The Horatio Stubbs Trilogy
Part of the Brian Aldiss Collection
The Horatio Stubbs Trilogy comprises:
The Hand-Reared Boy
A Soldier Erect
A Rude Awakening
Introduction to The Horatio Stubbs Trilogy
1. The Hand-Reared Boy
2. A Soldier Erect
3. A Rude Awakening
About the Author
About the Publisher
INTRODUCTION TO THE HORATIO STUBBS TRILOGY
This trio of volumes was published between 1970 and 1978. Its use of coarse language, masturbation, prostitution and sexual intercourse marks it out as a work appearing after – perhaps, only able to appear after – the famous trial of D. H. Laurence’s Lady Chatterley’s Lover in the 1960’s.
I had tried to deal with some of this tropical material before the Chatterley trial, in a novel I entitled Hunter Leaves the Herd. In this novel, a British soldier in Sumatra is offered a woman and a comfortable life in a kampong in exchange for deserting the army and joining the opposing side, bringing with him rifles and a load of ammunition. A similar event occurred while I was serving in Sumatra. However, I was unable to proceed with the story because it was too full of ‘obscenities’. My soldiers were not permitted to talk as real soldiers talked. I had to shelve the project.
All three Stubbs volumes were well received, although A Rude Awakening appeared rather tardily after the two earlier volumes. Of the volumes, A Rude Awakening is possibly my favourite. The humour is better grounded than in the others. As a writer I had become more experienced.
My closest interests at the time of writing these books included history, particularly contemporary history, as well as the science and science fiction for which I was better known. Later would come Walcot, a large one-volume story of the war against Nazi Germany and what followed.
My life in Sumatra was unlike Stubbs’s. I was given a theatre to manage and to decorate with large cartoon murals. Two sepoys helped me to keep the place clean. I had a charming Chinese lover, and life could hardly have been better. Indeed, when I returned to England and demobilisation I found life to be considerably worse!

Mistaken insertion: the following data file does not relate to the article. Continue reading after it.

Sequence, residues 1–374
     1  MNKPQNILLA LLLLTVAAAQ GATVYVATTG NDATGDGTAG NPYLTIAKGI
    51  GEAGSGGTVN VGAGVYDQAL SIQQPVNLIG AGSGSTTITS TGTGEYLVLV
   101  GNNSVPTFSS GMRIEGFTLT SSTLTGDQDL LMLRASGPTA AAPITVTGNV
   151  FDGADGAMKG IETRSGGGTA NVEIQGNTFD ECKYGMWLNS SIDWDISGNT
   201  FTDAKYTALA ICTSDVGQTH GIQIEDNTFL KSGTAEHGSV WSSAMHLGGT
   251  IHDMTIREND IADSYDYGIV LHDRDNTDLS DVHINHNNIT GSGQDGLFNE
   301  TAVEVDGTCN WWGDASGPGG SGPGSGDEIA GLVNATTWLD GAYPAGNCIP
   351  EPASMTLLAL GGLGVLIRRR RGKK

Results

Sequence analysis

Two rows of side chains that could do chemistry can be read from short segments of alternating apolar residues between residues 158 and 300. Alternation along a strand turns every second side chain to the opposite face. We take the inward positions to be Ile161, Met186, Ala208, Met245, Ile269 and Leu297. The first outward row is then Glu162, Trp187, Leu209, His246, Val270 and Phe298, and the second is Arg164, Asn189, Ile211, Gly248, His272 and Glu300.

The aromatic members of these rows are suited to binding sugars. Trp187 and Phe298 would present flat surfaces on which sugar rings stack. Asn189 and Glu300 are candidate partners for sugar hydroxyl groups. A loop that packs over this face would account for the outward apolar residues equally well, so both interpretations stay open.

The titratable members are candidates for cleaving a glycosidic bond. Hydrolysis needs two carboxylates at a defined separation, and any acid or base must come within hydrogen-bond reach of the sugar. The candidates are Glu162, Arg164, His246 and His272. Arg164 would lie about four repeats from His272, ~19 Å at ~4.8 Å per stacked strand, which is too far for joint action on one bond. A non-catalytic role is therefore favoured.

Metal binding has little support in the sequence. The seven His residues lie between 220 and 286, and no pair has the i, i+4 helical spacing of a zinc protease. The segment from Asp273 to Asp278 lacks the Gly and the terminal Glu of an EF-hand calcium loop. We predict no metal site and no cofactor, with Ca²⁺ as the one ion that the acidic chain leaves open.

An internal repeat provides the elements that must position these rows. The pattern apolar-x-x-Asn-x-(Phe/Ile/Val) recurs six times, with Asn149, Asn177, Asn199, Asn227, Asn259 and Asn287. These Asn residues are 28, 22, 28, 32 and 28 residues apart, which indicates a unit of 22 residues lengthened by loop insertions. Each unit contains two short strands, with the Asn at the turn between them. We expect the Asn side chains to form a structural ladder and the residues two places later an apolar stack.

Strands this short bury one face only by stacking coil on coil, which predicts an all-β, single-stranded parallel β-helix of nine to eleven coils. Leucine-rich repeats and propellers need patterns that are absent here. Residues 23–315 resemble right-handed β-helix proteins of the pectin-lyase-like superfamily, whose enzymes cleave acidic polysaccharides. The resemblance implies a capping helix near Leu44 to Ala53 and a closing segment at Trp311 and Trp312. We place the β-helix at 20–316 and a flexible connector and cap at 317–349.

Ah, how those of us exiled in the hardships, real or imaginary, of the East felt…
We were stationed in Madras, preparing for an assault on Japanese-held Malaya, when a sergeant came along and said simply, ‘Right, you men. War in Europe’s over. Break off for a smoke…’
All told, then, these three volumes stand as a kind of memorial, both to my writing life and, rather more importantly, to that distressing period when the British Empire was having to close its doors for business.
Table of Contents
I was once travelling on a London bus. The young woman sitting opposite me was reading a book. It took me some time to realise it was my novel she had in her dainty hands!
Such occurrences are rare – rare and startling. You are never sure that real people will read your books. On another occasion, I was travelling with my children on a ferry to Gothenburg in Sweden. The boys discovered there was a chap with his girlfriend sitting on the upper deck reading Hothouse. The girl kept talking to him, breaking his concentration. My sons were genuinely cross with her!
This girl on the bus was about to get off the bus. I followed her and tried to strike up what one might call an acquaintance. She would have nothing to do with it. All the same, I realised the connection between real people, the real world, and the books I wrote.
… Later, I met a young woman who preferred masturbation to actual intercourse.
Although I have received many abusive – if not self-abusive – letters from readers, I felt and still feel I had hit upon a popular and real hobby in The Hand-Reared Boy.
Recently an American reader remarked that ‘If God had not wanted us to masturbate, he would have given us shorter arms.’
‘Extremely funny, genuinely erotic.’ was the verdict of the TLS to The Hand-Reared Boy. With that, I tended to rest my case.
The protagonist is key, and the name Horatio Stubbs held resonance for me. Was it quintessentially English? Horatio, fine – as in Horatio Nelson. As for Stubbs, Professor Stubbs was the editor of many old English charters, while one of the painters I most admired was George Stubbs, the 18th-century artist with a preference for painting horses.
Who could be more English than that?
ON the one occasion that Sister Traven came to tea with us we were all in confusion beforehand, and my mother was the organizer of the confusion.
She darted here and flounced there, using what she called The Light Touch to bring me or Beatrice to heel – that is, saying in a Tone of Charm something more acceptable delivered in an ordinary voice. ‘No, Beatrice, dear, I think we won’t have our ordinary serviettes, if you don’t mind. Let’s have some of the special ones, shall we, the paper ones, out of the bottom drawer of the sideboard. Or I’ll get them, shall I? I’d better get them!’
Beatrice was not ruffled. She had been our maid for several years and was used to Mother’s ways. She was now married and no longer ‘living in’, but she still came in the mornings, when an older married sister looked after her increasing number of children. Today she was obliging and coming in the afternoon also, as she did on these special occasions. Among the alarms of setting the tea table I watched her with interest. A rather ordinary СКАЧАТЬ